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Alden
02-03-2006, 09:53 AM
I caught a really interesting show on TV (National Geographic Channel maybe) about these giant hornets in Japan. They showed the danger that these hornets could be to European bees... One hornet finds the bee colony and marks it, then 30 hornets return to the colony and can wipe out a bee colony of 30,000!!! Now that's some devestation! What was really cool though was the Japanese bees' defense against the hornets. When the scout hornet arrives at the hive, they lure him inside, then all at once, the bees swarm the scout hornet. They begin vibrating their bodies and raise their body temperatures to 117 degrees. What's amazing is that the bees will begin to die at 118 degrees, but the hornet will fry at 115 degrees. So the bees roast the hornet to death before he can return to the hornet colony to report the location of the bee hive. It was a pretty cool program. :)

Summersolstice
02-03-2006, 10:38 AM
Hey- I saw that too, but I've seen it before and will likely watch it again when it reruns. Those are some *monster* sized hornets. Thank God we don't have them here in the US! Did you see how fast they'd grab and decapitate the honey bees?

webmaster
02-03-2006, 11:19 AM
I guess you could call it a 'honey trap'....

Vicky - grinning, ducking and running

WRATHWILDE
02-03-2006, 02:00 PM
I guess you could call it a 'honey trap'....

Vicky - grinning, ducking and running


Peanuts... Peanuts to you. ;D

Wrathwilde

Angus
02-03-2006, 03:32 PM
This may explain the expense of Japanese honey. Everything in Japan is more expensive than here, but I was shocked by the honey. Last trip, I picked up the following:

Lotus Grass Honey 500 grams (1.1 lb) 1575 yen ($15)
Acacia Honey 500 grams 1470 yen ($14)
Clover Honey 500 grams 1050 yen ($10)

It is expensive. Perhaps the cost of keeping the hornets away makes it more expensive to produce honey. I do not think we will be seeing large quantities of Japanese Mead at these prices.

On the other hand, I picked up 5 lbs. of Coffee flower honey in Mexico for only $6.

Angus

hedgehog
02-03-2006, 11:01 PM
Angus,
While I have never been to Japan, I have heard from long-term visitors that everything is just plain more expensive there(combination of living on an island with lots of people and not much space). Especially commodities like land and food. I wonder if there is this is a problem of the same size magnitude as the varoa mites are here. I did a little looking on the web, but only found things in Japanese, which sadly, I still can't read..
I haven't caught the show, since no tv, but it sounds pretty interesting.
And does it strike anyone else as odd that 30 hornets could take out 30,000 bees?? Technically speaking, 30,000 bees, assuming most of them were standard worker bees(no drones or no queens which are usually stingerless), should be able to take down darn near anything short of a herd of wildabeasts, muchless 30 hornets. I realize that standard US/European hornets and wasps can get pretty nasty by both biting and stinging at will untill they decide to stop, or are killed by the sting-ee, since they have smooth stingers. But wouldn't you think that the bees would overwhelm the hornets and sting them or bite them to death?? I have seen first hand regular honey bees do that to bald-faced hornets.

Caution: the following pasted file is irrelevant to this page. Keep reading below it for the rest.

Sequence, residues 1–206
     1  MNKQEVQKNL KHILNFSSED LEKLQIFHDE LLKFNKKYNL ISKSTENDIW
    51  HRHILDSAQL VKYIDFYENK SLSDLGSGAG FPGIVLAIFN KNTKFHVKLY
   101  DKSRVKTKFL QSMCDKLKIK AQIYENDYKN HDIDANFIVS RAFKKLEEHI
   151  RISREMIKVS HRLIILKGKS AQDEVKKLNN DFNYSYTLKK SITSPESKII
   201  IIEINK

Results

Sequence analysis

just wondering...
hedgehog

mouko_yamamoto
02-03-2006, 11:30 PM
Are these the same hornets that can actually shoot toxin from their stingers? I saw one show that mentioned Japanese hornets, (I think it was that, "Most Extreme" on Animal Planet), and the hornets could shoot poison up to 9 feet into animals' eyes and such.

Summersolstice
02-04-2006, 10:41 AM
The program did indicate that a few of the hornets died due to stings but the vast majority survived to rob the honey and larvae. The hornets didn't kill the bees by stinging, they were literal killing machines, severing bees with their mandibles by the tens of thousands. Here's a link to an exceptional video clip of the program. Wait for the 5-10 second commercial to end before the video clip loads. This 3-5 minute clip is the heart of the entire program:

http://news.nationalgeographic.com/news/2005/10/1012_051012_hornet_video.html

Oddly enough, the Japanese have developed a sports drink derived from the giant hornets that allegedly boosts human endurance and stamina:

http://www.vaam-power.com/giant-hornet-japanese.html

Alden
02-06-2006, 11:17 AM
Thanks for that link Summersolstice! Watching it again, I'm still amazed. :)

beeboy
02-06-2006, 07:53 PM
The way the bees ball up and generate heat is the same behavior that they use to make it thru the winter. The bees cluster in the hive and shiver to generate heat so they don't freeze. As the winter progresses the cluster moves around the honey comb consuming the honey. I remember seeing that show on the giant hornets a few years ago, I think that it only takes the sting of one or two of them to kill a human. Bee stings on the other hand take around 10 stings per pound of bodyweight to kill a person. I've seen whitefaced hornets raid one of my hives, must of killed two or three hundred bees in a hour. I've also seen hornets knock down and chew pieces out of dragon flies. Those giant ones in Japan demand respect.

chunkysoup
02-14-2006, 10:21 PM
huge :o Im not a fan of flying killing machine insects.